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The New York Times interviewed Lara Cushing, associate professor of environmental health sciences at the UCLA Fielding School of Public Health, who co-led a study that found the risk of premature births is 50% higher for mothers near natural gas flaring in Texas’ Eagle Ford Shale oil and gas region.
Across the United States, gas flares light the night skies over oil and gas fields — visible symbols of the country’s energy boom. They also emit greenhouse gases, making them symbols of climate change that many environmental groups would like to see snuffed out.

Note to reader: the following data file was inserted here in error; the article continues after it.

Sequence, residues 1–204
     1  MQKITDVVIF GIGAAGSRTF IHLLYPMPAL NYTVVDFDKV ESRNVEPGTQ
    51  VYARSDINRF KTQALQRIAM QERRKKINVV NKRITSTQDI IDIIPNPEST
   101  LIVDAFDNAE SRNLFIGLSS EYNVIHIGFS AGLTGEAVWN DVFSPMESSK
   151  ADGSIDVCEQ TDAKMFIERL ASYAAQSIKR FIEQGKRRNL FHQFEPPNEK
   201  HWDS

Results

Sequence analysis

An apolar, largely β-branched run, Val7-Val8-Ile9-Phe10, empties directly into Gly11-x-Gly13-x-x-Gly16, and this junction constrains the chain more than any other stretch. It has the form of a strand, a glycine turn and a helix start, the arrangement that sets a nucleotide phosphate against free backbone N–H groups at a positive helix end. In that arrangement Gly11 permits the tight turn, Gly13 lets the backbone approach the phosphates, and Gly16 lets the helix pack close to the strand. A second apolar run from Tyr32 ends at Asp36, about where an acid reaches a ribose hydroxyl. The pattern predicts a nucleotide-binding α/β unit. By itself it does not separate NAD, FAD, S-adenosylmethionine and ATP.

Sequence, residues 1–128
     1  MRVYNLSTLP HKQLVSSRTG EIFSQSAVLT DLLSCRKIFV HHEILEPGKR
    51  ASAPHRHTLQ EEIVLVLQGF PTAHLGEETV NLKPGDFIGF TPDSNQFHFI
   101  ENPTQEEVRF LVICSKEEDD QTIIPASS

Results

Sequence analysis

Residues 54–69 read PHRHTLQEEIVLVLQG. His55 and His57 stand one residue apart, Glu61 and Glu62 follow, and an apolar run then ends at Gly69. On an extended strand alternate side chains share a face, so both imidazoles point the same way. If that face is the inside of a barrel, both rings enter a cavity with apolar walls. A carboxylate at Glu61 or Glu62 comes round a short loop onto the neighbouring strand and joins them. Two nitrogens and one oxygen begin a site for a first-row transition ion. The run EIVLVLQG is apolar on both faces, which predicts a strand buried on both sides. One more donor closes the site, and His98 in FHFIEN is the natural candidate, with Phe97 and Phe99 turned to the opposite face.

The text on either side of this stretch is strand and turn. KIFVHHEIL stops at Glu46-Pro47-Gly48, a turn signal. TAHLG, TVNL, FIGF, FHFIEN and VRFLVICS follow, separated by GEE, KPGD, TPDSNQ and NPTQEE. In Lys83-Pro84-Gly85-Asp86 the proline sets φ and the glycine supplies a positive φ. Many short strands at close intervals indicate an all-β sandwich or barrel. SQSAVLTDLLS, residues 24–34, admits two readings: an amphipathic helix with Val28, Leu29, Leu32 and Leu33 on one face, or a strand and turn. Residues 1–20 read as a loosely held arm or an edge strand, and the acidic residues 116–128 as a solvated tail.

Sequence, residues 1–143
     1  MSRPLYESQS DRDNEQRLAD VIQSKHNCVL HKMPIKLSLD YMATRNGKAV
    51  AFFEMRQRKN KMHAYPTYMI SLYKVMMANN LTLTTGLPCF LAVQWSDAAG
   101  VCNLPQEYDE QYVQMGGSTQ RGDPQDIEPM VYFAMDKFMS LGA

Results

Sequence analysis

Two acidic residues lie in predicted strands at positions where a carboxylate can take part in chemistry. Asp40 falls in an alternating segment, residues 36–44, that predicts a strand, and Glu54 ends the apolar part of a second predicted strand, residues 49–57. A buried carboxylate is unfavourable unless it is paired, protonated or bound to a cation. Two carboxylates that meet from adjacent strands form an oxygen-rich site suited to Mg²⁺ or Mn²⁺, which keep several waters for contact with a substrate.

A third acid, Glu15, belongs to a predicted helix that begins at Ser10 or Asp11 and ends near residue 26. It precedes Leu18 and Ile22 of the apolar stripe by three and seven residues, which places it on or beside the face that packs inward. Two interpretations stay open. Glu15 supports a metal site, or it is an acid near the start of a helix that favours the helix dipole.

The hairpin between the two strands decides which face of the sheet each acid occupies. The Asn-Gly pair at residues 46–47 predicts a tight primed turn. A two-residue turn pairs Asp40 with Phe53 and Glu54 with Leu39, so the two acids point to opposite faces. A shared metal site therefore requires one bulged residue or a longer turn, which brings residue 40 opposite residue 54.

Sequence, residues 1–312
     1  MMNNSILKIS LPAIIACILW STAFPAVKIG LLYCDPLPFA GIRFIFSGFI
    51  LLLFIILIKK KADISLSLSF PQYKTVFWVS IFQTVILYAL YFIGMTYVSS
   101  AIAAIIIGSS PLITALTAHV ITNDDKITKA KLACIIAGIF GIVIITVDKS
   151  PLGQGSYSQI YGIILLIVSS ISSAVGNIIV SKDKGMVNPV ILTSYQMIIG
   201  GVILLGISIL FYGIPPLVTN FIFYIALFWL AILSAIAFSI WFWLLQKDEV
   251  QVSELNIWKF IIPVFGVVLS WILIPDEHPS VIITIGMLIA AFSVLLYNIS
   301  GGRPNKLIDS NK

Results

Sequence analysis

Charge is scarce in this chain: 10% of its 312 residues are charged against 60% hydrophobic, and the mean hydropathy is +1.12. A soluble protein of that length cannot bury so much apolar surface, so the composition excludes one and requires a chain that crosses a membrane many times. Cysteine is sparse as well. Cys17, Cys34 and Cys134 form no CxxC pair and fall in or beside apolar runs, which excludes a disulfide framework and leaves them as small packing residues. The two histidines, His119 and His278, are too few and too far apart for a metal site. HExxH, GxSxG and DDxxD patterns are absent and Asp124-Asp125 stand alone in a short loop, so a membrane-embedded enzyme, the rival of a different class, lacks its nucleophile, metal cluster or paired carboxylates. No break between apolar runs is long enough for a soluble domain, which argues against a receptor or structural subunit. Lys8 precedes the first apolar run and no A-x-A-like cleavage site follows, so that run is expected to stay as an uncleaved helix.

Now, a new study points to another problem: Pregnant women who lived near areas where flaring is common had 50 percent greater odds of giving birth prematurely than those who did not. These births occurred before 37 weeks of gestation, when incomplete development raises a baby’s chance of numerous disorders, even death.
“It’s on par with the increased risk you see for women who smoke,” said Lara Cushing, an assistant professor of environmental health sciences at the University of California, Los Angeles, and lead author of the study. Unlike smoking, however, “it’s not really something you can do much about on an individual level,” she said.